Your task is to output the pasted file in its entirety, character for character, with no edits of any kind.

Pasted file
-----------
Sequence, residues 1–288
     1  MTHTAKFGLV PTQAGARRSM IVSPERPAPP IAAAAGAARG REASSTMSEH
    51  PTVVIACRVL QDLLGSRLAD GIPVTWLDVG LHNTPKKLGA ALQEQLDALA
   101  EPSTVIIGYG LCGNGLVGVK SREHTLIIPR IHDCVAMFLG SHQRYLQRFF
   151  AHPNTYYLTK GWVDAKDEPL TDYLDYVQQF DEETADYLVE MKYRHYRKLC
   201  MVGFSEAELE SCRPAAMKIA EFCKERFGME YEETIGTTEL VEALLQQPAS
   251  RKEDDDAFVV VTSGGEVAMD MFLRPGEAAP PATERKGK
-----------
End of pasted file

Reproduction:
Sequence, residues 1–288
     1  MTHTAKFGLV PTQAGARRSM IVSPERPAPP IAAAAGAARG REASSTMSEH
    51  PTVVIACRVL QDLLGSRLAD GIPVTWLDVG LHNTPKKLGA ALQEQLDALA
   101  EPSTVIIGYG LCGNGLVGVK SREHTLIIPR IHDCVAMFLG SHQRYLQRFF
   151  AHPNTYYLTK GWVDAKDEPL TDYLDYVQQF DEETADYLVE MKYRHYRKLC
   201  MVGFSEAELE SCRPAAMKIA EFCKERFGME YEETIGTTEL VEALLQQPAS
   251  RKEDDDAFVV VTSGGEVAMD MFLRPGEAAP PATERKGK